Fish Before Irrigation: Maximizing Water Use for Fish and Crop Production
This post was written by Karen Veverica, External Advisory Board member for the Feed the Future Innovation Lab for Fish and retired director of the E.W. Shell Fisheries Center at Auburn University. The Center of Excellence on Sustainable Agricultural Intensification and Nutrition (CE SAIN) was an implementing partner of the Fish Innovation Lab’s Bighead Catfish Culture Activity and works closely with other Innovation Labs, including the Feed the Future Innovation Lab for Collaborative Research on Sustainable Intensification.
As water resources get tighter and irrigation solutions are seen as “modern, high technology” agriculture, aquaculturists have been trying to get irrigation system designers to consider designing a first use of the water for aquaculture before the water is used to irrigate crops. However, irrigation schemes rarely consider using water for anything but irrigation. Runoff post-irrigation has been used for aquaculture in Egypt for decades, but this water often contains unsafe levels of pesticides. Using the water for aquaculture before using it for irrigation allows us to benefit from a second use of the nutrients.
Fish Before Irrigation (FBI) is a type of aquaponics, but it is different in its outlook. FBI sees the plants as the main crop and the fish get added into the system in a way that least disturbs the production of the agricultural commodities.
For example, a small project conducted in Senegal identified well-functioning women’s cooperative gardens and funded the addition of fish tanks to function as additional water storage tanks. The size of the tanks depended on the total water being pumped for daily watering of vegetables. A daily water replacement rate of one-half the tank volume was used. In Senegal, the water delivery system depended on hand-watering of vegetables. Due to the nutrients in the fish tank water, plant yields and health improved, the women were able to make a small profit from the fish production and the supply of a high-value protein increased in the village.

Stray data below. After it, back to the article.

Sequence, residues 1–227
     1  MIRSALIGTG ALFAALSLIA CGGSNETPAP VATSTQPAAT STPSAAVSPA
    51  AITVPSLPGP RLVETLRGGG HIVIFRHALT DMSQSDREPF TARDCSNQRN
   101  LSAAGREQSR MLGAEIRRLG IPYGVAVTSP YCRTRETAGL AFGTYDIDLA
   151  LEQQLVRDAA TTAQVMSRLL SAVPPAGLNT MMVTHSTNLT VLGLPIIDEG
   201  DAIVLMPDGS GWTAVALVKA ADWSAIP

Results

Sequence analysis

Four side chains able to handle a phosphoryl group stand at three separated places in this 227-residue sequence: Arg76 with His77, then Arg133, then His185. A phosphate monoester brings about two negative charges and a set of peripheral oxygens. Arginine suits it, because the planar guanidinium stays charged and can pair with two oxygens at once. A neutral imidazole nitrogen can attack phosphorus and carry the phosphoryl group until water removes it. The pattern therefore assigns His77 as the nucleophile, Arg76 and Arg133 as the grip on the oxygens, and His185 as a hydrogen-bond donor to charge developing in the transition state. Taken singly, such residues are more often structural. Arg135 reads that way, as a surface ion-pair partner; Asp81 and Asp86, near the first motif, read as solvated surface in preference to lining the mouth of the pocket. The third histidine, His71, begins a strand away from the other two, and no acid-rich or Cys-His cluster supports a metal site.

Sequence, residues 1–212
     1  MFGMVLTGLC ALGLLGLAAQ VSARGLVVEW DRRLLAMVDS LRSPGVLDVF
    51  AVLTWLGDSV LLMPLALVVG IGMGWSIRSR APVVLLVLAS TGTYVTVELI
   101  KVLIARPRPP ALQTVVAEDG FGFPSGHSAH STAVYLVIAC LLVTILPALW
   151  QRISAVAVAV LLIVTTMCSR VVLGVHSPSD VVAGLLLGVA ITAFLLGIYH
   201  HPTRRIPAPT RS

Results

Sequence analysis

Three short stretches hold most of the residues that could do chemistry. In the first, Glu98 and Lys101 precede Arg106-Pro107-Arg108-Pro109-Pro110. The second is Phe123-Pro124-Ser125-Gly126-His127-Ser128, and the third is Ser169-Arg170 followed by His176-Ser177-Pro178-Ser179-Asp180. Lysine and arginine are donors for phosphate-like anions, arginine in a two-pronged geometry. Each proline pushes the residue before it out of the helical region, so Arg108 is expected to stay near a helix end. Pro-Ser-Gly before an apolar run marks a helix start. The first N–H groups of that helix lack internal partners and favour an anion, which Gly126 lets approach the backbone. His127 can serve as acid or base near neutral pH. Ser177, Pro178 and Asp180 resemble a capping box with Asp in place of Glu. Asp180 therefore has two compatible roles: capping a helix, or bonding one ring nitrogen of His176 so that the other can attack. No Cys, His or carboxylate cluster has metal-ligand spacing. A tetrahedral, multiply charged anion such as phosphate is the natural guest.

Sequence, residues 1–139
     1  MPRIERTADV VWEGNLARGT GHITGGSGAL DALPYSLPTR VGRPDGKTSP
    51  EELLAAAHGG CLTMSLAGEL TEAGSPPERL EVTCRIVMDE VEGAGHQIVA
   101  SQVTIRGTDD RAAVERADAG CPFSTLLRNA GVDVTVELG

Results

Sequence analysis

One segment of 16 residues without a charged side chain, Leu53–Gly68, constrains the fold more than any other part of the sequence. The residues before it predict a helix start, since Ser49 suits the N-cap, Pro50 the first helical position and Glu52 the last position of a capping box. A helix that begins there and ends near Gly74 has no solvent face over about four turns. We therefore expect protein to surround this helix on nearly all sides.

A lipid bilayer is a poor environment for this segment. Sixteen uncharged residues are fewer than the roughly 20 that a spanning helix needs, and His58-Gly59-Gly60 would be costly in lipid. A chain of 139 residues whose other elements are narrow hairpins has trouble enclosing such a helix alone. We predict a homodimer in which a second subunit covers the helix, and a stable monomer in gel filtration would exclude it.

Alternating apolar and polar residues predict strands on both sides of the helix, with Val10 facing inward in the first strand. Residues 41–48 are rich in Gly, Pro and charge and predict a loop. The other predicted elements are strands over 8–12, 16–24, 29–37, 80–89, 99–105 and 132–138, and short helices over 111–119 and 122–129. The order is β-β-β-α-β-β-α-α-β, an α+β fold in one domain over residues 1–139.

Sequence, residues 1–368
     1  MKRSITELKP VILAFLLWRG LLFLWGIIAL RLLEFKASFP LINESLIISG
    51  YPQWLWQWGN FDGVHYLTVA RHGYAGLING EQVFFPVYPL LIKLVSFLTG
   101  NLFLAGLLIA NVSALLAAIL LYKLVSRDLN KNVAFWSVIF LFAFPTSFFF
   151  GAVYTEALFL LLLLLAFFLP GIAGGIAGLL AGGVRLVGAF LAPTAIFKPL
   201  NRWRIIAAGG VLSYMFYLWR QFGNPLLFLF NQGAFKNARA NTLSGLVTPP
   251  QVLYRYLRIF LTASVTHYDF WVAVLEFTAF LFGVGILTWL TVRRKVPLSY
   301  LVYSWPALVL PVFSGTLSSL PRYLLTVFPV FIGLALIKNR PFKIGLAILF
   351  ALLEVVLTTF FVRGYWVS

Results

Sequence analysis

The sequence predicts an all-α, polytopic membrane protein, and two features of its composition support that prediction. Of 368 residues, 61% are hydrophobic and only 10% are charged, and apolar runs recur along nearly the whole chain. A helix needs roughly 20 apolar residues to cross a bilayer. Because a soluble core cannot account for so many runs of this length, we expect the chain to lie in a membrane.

Previous work funded by USAID showed that using water from pond aquaculture systems had positive impacts on the growth of French beans in Kenya.
CE SAIN, established through the Feed the Future Innovation Lab for Collaborative Research on Sustainable Intensification, in Cambodia seeks to do something similar: produce fish intensively in small tanks before moving the water to a solids settling tank and then sending the water to the crops by a drip irrigation system. Various drip emitters can later be tested for best results. It is hoped that the cost of fertilizing the vegetables can be reduced and that the fish production will either break even or result in some profits.
CE SAIN has been operating a Certification of Aquaculture Professionals course and a short, two-day FBI course is being introduced for teachers in secondary schools in late January 2024. Following the course, the teachers will be able to set up their own demonstrations at the school gardens, with some small financial assistance from CE SAIN. The participants will learn about irrigation, fish production, business planning and marketing. They will build a system themselves and learn to record growth and water quality results. Costs of production for the vegetables and for the fish will be tracked.
These systems are designed to produce multiple benefits. Removing the water from the bottom of the tanks captures the solid wastes, benefitting the fish. Applying the solids directly to the soil serves as a fertilizer for the plants. This also means the supernatant, or water at the top of the tank, has fewer solids and can then enter the drip system that first filters the water before sending it to the emitters.
An FBI approach can boost agricultural production, enhance dietary diversity and increase incomes through livelihood diversification. Leveraging the support of USAID and Feed the Future through collaborations with partners like CE SAIN holds great potential for sharing this approach widely and creating impact at scale.